“We have already engaged in dialogue with self-identified organizers and we expect that we will communicate further with them in the coming days,” Cst. Jana McGuinness said.

Though many of the businesses in Toronto’s financial district, where the protest is set to kick off, are ordinarily closed on Saturdays, some are taking added precautions.

As The Globe and Mail reports, Julia Oosterman, a spokeswoman for Royal and Sun Alliance, has advised businesses to remove anything from the surrounding area -- such as bicycle racks and stones -- that could be used to do damage to buildings, and leave the lights on overnight, “in the event that things go awry.”


But perhaps the biggest question mark is whether -- and to what extent -- the movement will be able to bring about change.

In Manhattan, what started as a small group of demonstrators now seems to have widespread appeal: those camping out in Zucchotti Park have garnered support from transit workers, nurses and left-leaning politicians.

Yet according to University of Alberta sociologist Dominique Clement, the absence of a defined leadership and a strong funding base may make the momentum difficult to sustain.

“It’s hard for them to be organized. It’s really spontaneous. It’s very grassroots,” he says. “Because of the nature of these protests, they’re going to be very powerful in the short term, but I would be very surprised if this is a long-term phenomenon.”

In Canada, the B.C. Federation of Labour, Canadian Auto Workers, the Canadian Labour Congress and the Communications, Energy and Paperworkers Union have endorsed the movement, which Clement says has the potential to make it more than a passing fad. But he questions whether this support will translate into concrete assistance.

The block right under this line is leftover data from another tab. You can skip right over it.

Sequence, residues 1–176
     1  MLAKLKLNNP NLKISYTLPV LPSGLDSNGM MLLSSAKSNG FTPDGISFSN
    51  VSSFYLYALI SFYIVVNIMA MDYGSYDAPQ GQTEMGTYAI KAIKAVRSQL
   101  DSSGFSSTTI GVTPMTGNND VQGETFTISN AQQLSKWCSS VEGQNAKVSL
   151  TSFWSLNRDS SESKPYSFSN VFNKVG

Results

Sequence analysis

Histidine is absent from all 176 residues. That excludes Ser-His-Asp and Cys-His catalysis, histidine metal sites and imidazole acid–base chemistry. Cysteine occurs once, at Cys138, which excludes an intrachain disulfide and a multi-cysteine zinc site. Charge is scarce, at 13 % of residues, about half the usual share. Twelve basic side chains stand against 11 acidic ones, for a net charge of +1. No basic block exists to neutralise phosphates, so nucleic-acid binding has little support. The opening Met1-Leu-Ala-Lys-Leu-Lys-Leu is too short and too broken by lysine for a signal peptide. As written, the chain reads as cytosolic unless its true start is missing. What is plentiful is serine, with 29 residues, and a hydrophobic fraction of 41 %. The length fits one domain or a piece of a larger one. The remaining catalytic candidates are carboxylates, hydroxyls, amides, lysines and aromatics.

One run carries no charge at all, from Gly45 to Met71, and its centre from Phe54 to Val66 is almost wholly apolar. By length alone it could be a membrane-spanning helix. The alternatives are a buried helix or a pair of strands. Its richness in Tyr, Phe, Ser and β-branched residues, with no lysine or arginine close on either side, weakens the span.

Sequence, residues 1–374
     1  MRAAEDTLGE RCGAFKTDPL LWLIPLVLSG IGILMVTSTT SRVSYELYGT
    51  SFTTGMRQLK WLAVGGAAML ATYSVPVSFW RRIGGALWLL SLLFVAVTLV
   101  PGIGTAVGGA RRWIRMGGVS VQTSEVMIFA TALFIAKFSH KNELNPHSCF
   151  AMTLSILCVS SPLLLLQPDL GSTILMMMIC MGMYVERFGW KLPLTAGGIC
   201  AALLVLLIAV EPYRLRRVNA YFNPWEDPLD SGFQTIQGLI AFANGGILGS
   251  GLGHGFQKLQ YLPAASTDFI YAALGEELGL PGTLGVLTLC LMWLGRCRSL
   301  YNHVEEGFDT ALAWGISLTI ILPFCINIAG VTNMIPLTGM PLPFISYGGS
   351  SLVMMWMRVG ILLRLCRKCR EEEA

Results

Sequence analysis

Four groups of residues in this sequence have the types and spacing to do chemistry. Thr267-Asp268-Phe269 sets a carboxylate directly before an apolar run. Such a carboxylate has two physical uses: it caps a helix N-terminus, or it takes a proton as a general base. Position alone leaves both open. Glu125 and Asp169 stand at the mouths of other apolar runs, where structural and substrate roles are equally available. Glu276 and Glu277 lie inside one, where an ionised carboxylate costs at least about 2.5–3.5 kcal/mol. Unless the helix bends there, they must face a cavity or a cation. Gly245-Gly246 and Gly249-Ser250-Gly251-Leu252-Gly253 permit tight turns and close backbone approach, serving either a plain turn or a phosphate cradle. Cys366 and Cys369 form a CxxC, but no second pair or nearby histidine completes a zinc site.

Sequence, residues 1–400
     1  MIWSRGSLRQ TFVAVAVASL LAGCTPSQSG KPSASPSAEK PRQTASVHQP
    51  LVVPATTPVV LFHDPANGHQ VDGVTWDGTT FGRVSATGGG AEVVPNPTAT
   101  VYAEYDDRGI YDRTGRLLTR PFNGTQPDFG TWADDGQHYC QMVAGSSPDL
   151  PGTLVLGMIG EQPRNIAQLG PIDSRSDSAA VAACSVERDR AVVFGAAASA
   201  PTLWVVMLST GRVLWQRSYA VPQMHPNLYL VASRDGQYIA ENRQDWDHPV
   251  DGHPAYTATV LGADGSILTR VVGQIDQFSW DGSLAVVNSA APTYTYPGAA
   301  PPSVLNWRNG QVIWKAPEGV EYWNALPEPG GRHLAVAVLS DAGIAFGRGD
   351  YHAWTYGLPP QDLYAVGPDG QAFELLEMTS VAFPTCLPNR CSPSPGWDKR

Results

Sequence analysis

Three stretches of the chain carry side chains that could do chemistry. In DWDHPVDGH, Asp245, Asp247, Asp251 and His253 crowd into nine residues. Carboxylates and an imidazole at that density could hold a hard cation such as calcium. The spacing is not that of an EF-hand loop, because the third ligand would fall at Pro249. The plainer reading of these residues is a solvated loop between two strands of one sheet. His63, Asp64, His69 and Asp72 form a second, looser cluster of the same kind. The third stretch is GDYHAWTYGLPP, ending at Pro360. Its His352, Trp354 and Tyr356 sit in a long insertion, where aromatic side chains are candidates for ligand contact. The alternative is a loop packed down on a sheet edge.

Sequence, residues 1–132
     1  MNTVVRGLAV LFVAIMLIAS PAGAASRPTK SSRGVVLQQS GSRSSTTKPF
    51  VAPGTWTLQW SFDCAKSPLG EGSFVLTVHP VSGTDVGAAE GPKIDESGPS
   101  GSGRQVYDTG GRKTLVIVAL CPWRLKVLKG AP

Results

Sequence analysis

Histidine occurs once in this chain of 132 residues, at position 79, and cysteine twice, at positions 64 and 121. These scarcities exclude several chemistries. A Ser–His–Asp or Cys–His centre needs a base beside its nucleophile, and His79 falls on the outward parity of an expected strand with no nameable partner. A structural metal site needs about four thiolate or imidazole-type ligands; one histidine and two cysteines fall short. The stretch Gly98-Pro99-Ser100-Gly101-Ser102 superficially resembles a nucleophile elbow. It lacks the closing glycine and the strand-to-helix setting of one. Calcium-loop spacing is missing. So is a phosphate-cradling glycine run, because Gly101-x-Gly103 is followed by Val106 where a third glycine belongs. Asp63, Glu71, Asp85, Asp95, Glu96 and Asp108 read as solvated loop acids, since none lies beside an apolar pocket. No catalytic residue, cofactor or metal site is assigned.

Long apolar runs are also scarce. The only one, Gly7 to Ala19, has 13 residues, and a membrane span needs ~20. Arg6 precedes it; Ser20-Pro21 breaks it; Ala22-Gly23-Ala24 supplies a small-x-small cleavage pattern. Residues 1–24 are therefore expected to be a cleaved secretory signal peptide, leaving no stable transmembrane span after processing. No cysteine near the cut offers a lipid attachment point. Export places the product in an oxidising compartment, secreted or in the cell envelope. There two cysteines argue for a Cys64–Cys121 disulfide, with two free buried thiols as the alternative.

“Forty years ago, organized labour would have been at the forefront of these things, they would have been running the show, providing money, volunteers. These days you don’t see them anywhere near as active as they used to be,” he says. “Labour groups might support in theory, but will they actually provide financial support? That can make the big difference between a successful movement and one that breaks down.”

In the meantime, however, groups like Occupy Toronto appear to have more immediate concerns.

The first hour of Thursday’s meeting was dominated primarily by disgruntled participants with a bone to pick about everything from the way the meeting was being run to allegations of a CSIS informant in their midst.

But the volunteer facilitators did their best to get through the items on the agenda, and keep the discussion productive.

“Already we are getting a little divisive. Let’s please remain positive and move forward,” urged Toronto photographer Kevin Konnyu, one of those leading the discussion during a particularly tense moment. “We are a young movement. May we please accept that there’s going to be a bit of stumbling?”

Cities large and small across Canada will host "Occupy" protests on Saturday. Here's where to find -- or avoid -- some of the largest ones.